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Trump Demands DOJ Probe FBI Role       05/21 06:05

   President Donald Trump said he will "demand" that the Justice Department 
investigate whether the FBI infiltrated his presidential campaign, an 
extraordinary order that came hours before his legal team said the special 
counsel indicated the investigation into the president could be concluded by 
September.

   WASHINGTON (AP) -- President Donald Trump said he will "demand" that the 
Justice Department investigate whether the FBI infiltrated his presidential 
campaign, an extraordinary order that came hours before his legal team said the 
special counsel indicated the investigation into the president could be 
concluded by September.

   Trump tweeted Sunday: "I hereby demand, and will do so officially tomorrow, 
that the Department of Justice look into whether or not the FBI/DOJ infiltrated 
or surveilled the Trump Campaign for Political Purposes - and if any such 
demands or requests were made by people within the Obama Administration!"

   Trump's demand puts further pressure on the Justice Department, which later 
Sunday asked its inspector general to expand an existing investigation into the 
Russia probe by examining whether there was any improper politically motivated 
surveillance. It comes as the White House tries to combat the threat posed by 
special counsel Robert Mueller's investigation into potential ties between 
Russia and the Trump campaign.

   The president's lawyer, Rudy Giuliani, said Mueller recently shared a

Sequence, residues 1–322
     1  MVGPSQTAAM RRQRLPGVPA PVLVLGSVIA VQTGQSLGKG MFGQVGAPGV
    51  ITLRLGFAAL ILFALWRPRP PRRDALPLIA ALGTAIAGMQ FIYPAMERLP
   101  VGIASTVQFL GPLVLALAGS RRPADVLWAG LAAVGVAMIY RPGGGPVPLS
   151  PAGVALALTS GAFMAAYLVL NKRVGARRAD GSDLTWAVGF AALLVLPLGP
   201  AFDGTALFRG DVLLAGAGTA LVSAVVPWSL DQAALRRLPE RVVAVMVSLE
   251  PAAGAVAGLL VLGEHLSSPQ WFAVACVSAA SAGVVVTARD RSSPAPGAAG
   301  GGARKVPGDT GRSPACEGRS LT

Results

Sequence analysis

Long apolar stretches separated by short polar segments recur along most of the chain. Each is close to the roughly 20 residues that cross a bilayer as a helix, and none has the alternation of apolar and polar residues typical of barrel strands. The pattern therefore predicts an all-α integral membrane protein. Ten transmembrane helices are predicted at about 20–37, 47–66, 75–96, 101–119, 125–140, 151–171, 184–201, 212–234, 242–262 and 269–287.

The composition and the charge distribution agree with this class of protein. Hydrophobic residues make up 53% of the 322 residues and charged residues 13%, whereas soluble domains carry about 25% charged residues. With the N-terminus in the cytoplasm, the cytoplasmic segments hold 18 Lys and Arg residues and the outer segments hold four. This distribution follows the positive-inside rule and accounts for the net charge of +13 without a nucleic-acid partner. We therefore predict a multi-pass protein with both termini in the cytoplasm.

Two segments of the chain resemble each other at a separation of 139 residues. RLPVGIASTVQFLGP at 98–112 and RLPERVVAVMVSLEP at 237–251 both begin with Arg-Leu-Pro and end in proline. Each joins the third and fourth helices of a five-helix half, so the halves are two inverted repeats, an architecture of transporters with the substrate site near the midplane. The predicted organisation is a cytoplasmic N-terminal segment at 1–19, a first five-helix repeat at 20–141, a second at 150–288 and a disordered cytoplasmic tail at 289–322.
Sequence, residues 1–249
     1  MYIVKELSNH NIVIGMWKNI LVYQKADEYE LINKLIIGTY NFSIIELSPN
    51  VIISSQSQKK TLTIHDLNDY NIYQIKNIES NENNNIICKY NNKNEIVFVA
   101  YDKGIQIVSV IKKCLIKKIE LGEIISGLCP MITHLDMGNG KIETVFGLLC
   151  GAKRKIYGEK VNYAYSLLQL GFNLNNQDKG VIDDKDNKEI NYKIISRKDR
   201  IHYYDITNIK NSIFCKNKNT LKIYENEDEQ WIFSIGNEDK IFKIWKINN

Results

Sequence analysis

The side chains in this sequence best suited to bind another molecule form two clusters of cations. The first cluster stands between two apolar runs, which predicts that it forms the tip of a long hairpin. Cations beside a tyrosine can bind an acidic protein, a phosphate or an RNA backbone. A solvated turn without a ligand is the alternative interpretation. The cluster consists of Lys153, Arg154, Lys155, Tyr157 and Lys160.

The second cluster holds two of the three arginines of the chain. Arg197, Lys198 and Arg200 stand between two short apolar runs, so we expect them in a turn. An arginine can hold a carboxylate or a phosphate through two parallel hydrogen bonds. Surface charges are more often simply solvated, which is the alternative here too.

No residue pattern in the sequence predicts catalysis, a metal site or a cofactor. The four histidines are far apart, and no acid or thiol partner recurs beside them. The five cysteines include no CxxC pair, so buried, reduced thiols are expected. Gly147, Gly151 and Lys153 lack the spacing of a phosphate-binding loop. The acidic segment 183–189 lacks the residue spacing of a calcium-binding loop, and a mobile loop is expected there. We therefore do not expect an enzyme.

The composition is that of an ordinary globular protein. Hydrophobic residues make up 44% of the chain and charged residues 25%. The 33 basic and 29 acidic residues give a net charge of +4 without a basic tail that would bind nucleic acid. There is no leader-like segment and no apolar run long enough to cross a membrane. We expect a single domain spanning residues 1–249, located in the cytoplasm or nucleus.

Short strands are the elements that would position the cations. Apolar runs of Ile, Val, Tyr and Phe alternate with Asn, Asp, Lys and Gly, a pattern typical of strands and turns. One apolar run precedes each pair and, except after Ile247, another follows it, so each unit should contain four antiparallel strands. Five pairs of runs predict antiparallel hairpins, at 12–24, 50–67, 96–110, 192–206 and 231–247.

timetable that suggested his probe could end by Sept. 1 if Trump were to sit 
for an interview in July, which is the legal team's new working plan.

   "We said to them, 'If we're going to be interviewed in July, how much time 
until the report gets issued?'" Giuliani told The Associated Press on Sunday, 
referring to the report Mueller is expected to issue to Congress at the 
conclusion of his investigation. "They said September, which is good for 
everyone, because no one wants this to drag into the midterms."

   Giuliani said he did not want a repeat of what happened in 2016, when FBI 
Director James Comey announced in the campaign's final days that he was 
reopening the investigation into Hillary Clinton's use of a private email 
server, a decision Democrats believe cost Clinton the race. Giuliani, the 
former mayor of New York, also said Mueller's team indicated that the entire 
probe could end by September, not just its investigation into potential 
obstruction of justice.

   "This would be the culmination of the investigation into the president," 
Giuliani said.

   The special counsel's office did not respond to a request for comment.

   It is not certain that Trump will sit for an interview with Mueller, though 
the president has publicly said he would. Giuliani said a decision would not be 
made until after Trump's summit with North Korean leader Kim Jong Un in 
Singapore, which is slated for June 12. Giuliani said Sunday the two sides 
"were getting closer" to agreeing on the parameters on a potential interview 
but would not put the odds of it happening at better than 50/50.

   Giuliani's apparent attempt to publicly pressure Mueller on the timeline 
amid interview negotiations came just hours after Trump's demand for a new 
inquiry, which moved beyond his usual blustery accusations of institutional 
wrongdoing and into the realm of applying presidential pressure on the Justice 
Department, a move few of his predecessors have made.

   Trump made the order amid days of public venting about the special counsel 
investigation, which he has deemed a "witch hunt" that he says has yielded no 
evidence of collusion between his campaign and Russia. In response, the Justice 
Department moved Sunday to defuse a growing confrontation with the White House